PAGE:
Women in STEM showcased with bright orange statues at Smithsonian for Women’s History Month
The “If Then/She Can” Exhibit boasts the largest collection of all-female statues ever in one place.
WASHINGTON (Gray DC) - Visitors to the Smithsonian museums this month will have a hard time missing the bright orange statues gracing the gardens and inside the exhibits, but the eye-catching color isn’t the only special thing about the statues.
It’s called the “If Then/She Can” exhibit. It boasts the largest collection of female statues ever in one place. 120 women from 41 states and Puerto Rico are represented. The statues are 3D printed models of living women who are currently excelling in the fields of science, technology, engineering and math.
Nicole Small, the CEO of Lyda Hill Philanthropies, the exhibits sponsor, said it was created to inspire young girls towards careers in STEM.
“If a little girl sees someone that looks like her, then she knows she can go out and change the world,” Small said.
The bright orange statues were unveiled in the Haupt Garden of the Smithsonian at the beginning of the month as part of the Smithsonian’s Women’s Futures celebration. The Smithsonian’s Rachel Goslins said it’s the diversity of the statues that makes the exhibit special.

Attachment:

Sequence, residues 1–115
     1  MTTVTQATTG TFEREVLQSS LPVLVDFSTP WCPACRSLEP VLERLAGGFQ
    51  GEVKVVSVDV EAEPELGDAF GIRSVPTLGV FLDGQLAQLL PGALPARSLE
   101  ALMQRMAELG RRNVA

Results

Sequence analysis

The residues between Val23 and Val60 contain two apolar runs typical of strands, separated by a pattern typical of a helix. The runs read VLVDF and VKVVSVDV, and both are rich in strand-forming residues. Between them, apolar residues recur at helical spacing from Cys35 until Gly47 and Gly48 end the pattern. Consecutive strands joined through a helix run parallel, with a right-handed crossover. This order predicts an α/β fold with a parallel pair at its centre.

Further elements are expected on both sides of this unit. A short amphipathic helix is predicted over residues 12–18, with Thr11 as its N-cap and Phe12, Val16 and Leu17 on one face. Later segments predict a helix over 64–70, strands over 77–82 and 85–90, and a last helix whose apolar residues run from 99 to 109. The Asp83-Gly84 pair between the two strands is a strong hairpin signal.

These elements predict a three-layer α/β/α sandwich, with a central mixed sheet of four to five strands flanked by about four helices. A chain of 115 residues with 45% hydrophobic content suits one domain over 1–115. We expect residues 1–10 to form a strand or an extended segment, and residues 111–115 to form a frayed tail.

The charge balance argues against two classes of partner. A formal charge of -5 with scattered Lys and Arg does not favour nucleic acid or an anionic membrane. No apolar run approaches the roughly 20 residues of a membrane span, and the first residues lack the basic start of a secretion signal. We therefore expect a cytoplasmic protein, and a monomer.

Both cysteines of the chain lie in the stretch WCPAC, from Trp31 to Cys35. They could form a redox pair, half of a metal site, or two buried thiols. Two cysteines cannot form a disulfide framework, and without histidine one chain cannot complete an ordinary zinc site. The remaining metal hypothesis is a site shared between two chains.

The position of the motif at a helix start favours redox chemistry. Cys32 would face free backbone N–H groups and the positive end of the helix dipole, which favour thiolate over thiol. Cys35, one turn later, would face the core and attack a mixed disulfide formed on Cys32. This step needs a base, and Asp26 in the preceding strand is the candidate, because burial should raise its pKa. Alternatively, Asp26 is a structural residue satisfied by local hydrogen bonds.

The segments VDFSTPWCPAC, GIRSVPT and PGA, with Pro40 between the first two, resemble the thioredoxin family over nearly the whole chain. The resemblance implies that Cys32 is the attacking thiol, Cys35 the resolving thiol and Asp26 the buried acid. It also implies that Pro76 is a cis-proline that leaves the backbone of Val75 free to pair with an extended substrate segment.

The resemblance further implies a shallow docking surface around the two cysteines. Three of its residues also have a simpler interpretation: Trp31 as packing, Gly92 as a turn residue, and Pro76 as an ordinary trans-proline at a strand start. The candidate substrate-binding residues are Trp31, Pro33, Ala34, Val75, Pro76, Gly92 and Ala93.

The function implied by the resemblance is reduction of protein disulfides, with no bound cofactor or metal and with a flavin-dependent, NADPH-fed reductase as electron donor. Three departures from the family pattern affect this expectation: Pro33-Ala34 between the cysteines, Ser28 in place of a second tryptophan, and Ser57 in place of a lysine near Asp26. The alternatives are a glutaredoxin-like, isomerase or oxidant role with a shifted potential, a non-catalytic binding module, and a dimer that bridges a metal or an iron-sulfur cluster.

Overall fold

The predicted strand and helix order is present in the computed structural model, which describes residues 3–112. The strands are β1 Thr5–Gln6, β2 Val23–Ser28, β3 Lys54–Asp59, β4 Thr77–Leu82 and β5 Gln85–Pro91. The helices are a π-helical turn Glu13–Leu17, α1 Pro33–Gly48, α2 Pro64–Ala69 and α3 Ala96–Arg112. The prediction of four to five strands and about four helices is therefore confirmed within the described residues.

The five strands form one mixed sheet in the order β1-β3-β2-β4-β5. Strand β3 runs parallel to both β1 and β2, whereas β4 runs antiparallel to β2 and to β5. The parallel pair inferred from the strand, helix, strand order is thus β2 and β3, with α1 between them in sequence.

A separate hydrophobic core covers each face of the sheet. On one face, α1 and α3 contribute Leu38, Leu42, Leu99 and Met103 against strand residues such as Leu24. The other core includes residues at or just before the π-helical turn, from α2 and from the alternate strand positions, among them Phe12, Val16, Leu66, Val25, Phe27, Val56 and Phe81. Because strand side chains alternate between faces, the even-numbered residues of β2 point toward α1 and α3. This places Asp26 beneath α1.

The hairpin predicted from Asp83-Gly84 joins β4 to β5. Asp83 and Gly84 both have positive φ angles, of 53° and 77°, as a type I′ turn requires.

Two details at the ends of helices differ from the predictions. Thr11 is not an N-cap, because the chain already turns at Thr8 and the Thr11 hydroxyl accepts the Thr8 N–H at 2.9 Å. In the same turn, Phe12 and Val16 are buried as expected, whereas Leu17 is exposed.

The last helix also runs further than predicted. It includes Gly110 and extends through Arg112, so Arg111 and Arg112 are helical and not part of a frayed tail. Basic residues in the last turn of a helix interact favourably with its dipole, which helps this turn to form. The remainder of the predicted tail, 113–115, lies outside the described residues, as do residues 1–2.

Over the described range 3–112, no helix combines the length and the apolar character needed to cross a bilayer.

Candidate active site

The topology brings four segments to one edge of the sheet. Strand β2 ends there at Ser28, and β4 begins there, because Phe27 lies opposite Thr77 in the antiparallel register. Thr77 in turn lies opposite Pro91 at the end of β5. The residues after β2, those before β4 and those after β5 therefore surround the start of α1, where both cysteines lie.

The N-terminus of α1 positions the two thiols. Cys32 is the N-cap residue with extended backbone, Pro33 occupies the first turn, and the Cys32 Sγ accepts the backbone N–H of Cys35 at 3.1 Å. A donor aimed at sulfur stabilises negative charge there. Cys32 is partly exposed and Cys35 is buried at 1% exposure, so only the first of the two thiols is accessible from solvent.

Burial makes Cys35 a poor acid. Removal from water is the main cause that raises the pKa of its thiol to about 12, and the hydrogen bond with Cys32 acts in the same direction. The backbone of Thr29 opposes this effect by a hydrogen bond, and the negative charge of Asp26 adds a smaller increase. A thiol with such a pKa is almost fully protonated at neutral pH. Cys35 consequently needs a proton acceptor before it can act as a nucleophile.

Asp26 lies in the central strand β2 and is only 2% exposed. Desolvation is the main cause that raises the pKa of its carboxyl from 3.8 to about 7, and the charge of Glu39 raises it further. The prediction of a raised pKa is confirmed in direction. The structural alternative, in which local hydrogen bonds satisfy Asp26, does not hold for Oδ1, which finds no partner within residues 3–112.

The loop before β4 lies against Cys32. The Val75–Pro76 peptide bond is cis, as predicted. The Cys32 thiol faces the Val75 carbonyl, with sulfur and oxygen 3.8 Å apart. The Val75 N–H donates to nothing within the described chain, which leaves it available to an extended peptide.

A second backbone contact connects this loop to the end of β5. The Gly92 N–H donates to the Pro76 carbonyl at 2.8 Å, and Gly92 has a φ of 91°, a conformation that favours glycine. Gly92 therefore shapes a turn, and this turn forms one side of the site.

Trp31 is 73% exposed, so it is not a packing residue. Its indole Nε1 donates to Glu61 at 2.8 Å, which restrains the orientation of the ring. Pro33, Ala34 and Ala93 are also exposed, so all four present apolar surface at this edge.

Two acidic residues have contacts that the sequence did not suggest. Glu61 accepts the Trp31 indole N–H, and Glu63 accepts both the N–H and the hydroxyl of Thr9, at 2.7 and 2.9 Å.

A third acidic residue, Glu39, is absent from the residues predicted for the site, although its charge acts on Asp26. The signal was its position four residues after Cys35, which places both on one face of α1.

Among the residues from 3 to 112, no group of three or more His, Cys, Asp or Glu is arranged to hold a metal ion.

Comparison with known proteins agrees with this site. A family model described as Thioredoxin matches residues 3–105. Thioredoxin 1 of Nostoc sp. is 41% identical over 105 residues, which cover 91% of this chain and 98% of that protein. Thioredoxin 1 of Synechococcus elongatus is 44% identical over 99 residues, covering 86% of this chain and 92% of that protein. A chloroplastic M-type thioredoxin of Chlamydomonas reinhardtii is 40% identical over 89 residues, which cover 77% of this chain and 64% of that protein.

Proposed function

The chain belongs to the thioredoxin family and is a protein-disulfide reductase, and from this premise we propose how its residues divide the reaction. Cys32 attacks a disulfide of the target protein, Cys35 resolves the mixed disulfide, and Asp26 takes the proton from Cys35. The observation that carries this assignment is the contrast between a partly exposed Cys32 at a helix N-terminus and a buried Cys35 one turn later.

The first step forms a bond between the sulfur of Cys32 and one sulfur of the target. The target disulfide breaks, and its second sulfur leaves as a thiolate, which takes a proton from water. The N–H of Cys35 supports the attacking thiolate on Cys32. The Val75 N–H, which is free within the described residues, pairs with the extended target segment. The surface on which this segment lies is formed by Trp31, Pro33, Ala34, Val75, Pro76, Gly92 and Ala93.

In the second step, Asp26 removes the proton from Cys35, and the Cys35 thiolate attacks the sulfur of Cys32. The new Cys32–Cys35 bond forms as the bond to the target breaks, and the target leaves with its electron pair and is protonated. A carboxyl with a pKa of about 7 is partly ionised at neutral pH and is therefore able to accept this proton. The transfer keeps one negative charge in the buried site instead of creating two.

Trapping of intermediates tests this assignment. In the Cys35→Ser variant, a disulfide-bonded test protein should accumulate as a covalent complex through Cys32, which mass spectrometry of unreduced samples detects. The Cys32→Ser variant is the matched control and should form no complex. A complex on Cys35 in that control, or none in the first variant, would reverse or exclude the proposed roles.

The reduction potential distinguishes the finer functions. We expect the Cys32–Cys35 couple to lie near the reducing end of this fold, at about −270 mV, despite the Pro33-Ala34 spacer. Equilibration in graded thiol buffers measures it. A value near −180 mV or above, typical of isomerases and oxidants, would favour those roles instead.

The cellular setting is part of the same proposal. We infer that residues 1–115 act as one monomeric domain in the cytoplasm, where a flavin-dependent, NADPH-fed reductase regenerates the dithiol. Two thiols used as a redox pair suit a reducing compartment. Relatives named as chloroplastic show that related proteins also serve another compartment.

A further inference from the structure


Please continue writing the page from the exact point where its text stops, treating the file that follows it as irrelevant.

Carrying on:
“You really just see the wealth of possibilities that are out there,” Goslins said.
The featured women include everything from AI professionals and game developers to dancers and artists.
“Each woman has an amazing story to tell, and a journey in STEM of her own,” Small said.
Among the statues in the Haupt Garden is Anjali Chadha, an MIT bioengineering student originally from Louisville, Kentucky, who is the founder and CEO of her own nonprofit.
“She is just for us the quintessential story around a young woman who has been passionate about science and is excited to tell her story,” said Small.
Also in the garden is biomedical engineer and children’s author, Dr. Arlyne Simon, from Portland, Oregon. Small said, “she’s using all parts of her brain,” to share stories of science.
There are several of the statues inside the Air and Space Museum. They include Dr. Erika Hamden, a telescope maker and astrophysics professor from Tucson, Arizona, and Mary Beth Westmoreland, a computer programmer who is a tech leader at Amazon and a resident of Charleston, South Carolina. Small said they’re both role models for young girls looking to excel in tech and science.
Inside the Smithsonian’s Futures Exhibit is the statue of St. Louis, Missouri’s Chante Summers. Summers works for Pfizer on projects including vaccine development and other medical projects.
“She works on some amazing therapeutics that we know are going to change the world someday,” Small said.
The statues will leave Washington on March 27, and the exhibit has a virtual tour available at IfThenExhibit.org.
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